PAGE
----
I’m obsessed with the Chicago Cubs baseball team. This statement might seem odd since I’ve never seen them play and I don’t follow sports. Technically, it’s not the game that fascinates me, it’s the curse.
In the 1934, tavern owner Billy Sianis adopted a baby goat (Murphy) that fell off a truck in front of his bar. (The “falling off a truck” thing happens a lot in Chicago.) He was so infatuated with Murphy that he began calling himself Billy Goat, grew a goatee and renamed his bar The Billy Goat Tavern (of Saturday Night Live “Cheezborger, Cheezborger, No Coke” fame).
Billy often took Murphy to unusual locations, including Cubs games. Normally the stands were empty so it wasn’t a problem.
However in 1945, fans converged on the stadium to see the Cubs play in the World Series. Seven years had passed since the Cubs were in the Series; the war was ending – both reasons for hope and excitement. The anticipation was palpable.
Then partway into the game, Billy was asked to remove Murphy because his odor was disturbing other fans. The insult was more than Billy could bear so he placed a curse on the Cubs saying something like: “Dem Cubs, dey ain’t gonna win no more”.
Some people thought this meant the Cubs would never win a championship whereas others thought there would never be another World Series won at Wrigley Field. After all these years, we might find out.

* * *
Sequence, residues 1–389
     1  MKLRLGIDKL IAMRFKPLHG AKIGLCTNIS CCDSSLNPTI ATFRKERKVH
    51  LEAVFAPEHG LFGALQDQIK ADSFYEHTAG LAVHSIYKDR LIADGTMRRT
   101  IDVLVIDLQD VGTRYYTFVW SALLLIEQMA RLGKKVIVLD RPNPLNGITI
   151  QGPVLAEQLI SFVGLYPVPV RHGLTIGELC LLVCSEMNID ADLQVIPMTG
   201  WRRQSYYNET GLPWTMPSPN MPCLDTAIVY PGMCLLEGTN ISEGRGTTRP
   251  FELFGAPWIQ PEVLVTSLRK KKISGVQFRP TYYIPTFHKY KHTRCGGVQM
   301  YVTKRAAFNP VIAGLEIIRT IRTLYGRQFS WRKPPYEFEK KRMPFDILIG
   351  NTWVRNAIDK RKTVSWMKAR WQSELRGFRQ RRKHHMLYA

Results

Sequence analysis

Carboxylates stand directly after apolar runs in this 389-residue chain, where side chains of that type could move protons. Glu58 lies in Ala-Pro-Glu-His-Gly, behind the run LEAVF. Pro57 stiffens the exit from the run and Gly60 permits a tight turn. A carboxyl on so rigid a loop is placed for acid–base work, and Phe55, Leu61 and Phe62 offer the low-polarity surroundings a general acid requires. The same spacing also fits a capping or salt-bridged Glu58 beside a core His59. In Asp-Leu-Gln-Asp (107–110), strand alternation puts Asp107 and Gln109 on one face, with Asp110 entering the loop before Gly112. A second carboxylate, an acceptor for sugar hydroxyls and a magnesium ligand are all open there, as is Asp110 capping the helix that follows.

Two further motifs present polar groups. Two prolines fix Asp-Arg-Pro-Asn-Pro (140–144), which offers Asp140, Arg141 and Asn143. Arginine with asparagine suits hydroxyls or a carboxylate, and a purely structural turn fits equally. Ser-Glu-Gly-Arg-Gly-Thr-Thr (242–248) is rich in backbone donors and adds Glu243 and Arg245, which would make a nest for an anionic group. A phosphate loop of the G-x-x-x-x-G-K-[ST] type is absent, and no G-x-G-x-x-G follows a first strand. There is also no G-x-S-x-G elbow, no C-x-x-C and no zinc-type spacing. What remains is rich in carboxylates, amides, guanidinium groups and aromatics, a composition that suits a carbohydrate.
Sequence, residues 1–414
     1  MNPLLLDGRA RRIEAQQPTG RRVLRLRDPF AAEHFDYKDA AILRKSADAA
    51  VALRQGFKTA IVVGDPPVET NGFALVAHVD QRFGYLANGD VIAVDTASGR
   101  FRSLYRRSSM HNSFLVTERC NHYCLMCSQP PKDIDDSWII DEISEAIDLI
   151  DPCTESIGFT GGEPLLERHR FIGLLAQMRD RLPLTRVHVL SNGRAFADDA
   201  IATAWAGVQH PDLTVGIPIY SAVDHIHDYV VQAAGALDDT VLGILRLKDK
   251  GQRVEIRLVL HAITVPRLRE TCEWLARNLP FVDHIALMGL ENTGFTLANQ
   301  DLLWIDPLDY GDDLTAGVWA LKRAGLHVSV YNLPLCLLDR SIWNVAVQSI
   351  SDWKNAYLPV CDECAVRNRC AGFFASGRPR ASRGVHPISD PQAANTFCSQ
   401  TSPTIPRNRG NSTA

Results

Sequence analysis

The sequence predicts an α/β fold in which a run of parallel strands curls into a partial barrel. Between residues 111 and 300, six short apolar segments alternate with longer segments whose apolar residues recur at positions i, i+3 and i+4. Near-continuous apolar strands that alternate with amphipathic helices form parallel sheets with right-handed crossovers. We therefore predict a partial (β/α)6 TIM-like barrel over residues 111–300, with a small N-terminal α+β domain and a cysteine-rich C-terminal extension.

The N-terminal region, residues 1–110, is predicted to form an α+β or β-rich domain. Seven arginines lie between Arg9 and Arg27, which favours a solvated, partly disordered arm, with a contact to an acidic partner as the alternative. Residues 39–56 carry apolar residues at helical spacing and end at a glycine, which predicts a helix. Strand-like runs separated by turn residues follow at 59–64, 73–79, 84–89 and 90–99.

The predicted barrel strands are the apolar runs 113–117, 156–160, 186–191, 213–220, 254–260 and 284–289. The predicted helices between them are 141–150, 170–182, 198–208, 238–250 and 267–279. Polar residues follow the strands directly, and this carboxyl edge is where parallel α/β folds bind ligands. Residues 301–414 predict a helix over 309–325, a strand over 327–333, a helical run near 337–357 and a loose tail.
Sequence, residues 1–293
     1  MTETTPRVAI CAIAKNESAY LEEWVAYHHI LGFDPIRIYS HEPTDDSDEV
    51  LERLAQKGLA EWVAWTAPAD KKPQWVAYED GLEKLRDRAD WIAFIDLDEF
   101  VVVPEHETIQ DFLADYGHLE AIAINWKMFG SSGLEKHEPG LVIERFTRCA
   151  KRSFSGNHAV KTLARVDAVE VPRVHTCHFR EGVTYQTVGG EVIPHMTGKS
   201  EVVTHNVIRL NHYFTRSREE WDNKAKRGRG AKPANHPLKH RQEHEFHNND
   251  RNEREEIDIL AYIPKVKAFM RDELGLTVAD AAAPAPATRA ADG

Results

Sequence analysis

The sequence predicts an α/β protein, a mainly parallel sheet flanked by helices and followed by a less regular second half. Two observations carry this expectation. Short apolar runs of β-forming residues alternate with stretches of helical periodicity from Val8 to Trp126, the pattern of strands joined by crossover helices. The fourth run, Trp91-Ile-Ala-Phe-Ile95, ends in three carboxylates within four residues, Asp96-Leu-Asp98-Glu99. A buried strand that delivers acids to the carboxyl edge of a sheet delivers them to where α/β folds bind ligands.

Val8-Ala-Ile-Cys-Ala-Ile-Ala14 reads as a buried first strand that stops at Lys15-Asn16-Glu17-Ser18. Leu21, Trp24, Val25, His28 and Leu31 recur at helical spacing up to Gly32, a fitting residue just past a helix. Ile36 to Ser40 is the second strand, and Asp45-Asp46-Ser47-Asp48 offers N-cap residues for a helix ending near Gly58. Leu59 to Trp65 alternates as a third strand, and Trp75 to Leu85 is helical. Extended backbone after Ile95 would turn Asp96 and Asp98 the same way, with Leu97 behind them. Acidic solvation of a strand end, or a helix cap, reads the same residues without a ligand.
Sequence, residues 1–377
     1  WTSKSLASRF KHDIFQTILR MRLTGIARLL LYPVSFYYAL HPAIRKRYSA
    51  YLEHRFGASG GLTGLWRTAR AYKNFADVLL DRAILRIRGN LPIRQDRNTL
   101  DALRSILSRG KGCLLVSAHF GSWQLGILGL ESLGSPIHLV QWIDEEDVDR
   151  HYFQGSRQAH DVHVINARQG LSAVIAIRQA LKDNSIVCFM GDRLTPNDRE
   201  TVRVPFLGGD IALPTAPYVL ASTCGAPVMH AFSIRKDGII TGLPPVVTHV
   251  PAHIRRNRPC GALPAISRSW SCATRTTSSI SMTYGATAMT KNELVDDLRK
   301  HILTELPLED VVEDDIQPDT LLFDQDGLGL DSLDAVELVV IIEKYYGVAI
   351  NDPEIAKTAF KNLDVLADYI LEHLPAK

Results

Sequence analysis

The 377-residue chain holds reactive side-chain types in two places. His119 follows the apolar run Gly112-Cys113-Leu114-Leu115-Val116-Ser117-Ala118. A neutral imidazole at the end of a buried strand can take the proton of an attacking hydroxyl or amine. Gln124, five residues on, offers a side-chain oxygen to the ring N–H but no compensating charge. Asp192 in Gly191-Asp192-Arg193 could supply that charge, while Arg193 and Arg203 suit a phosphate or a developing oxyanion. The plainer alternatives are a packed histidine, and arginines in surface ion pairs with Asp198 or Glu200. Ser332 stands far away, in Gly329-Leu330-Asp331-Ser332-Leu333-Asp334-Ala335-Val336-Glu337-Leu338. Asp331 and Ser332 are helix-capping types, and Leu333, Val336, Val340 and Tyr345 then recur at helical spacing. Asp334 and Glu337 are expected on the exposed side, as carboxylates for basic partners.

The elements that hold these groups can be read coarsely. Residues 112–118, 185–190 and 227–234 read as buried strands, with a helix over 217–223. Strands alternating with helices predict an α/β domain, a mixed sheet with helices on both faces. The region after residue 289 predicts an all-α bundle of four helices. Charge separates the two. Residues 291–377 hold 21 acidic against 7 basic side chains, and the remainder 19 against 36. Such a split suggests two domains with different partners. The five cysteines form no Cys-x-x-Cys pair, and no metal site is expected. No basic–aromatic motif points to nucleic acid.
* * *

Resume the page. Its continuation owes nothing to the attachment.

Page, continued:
As the second oldest baseball stadium in the United States, there’s a proposal to renovate the field to the tune of $500M. If the request is denied, the owners have threatened to leave Chicago.
Which goes back to the curse. Could this be a turning point for the Cubs? If they left Wrigley would they have a chance at winning the World Series? If another team started playing at Wrigley, would the curse apply to them?
Personally, I don’t think we’ll ever know because I believe the Cubs are here to stay. That leaves only one solution: the renovation must include a place for a goat.
May the farce be with you!
Get a goat!
About the Author
Pam Waits has more than 20 years of experience in human resources with 10 years in the top HR spot for mid-sized companies. She currently works as a Human Resources consultant. Additionally, she holds a Ph.D. in Industrial/Organizational Psychology.
Pam is also a writer and humorist, defying the perception that human resource professionals lack a sense of humor. She’s a leader who believes humor is an important part of a healthy business culture and a necessary part of life. If you’re too busy to laugh, you’re too busy.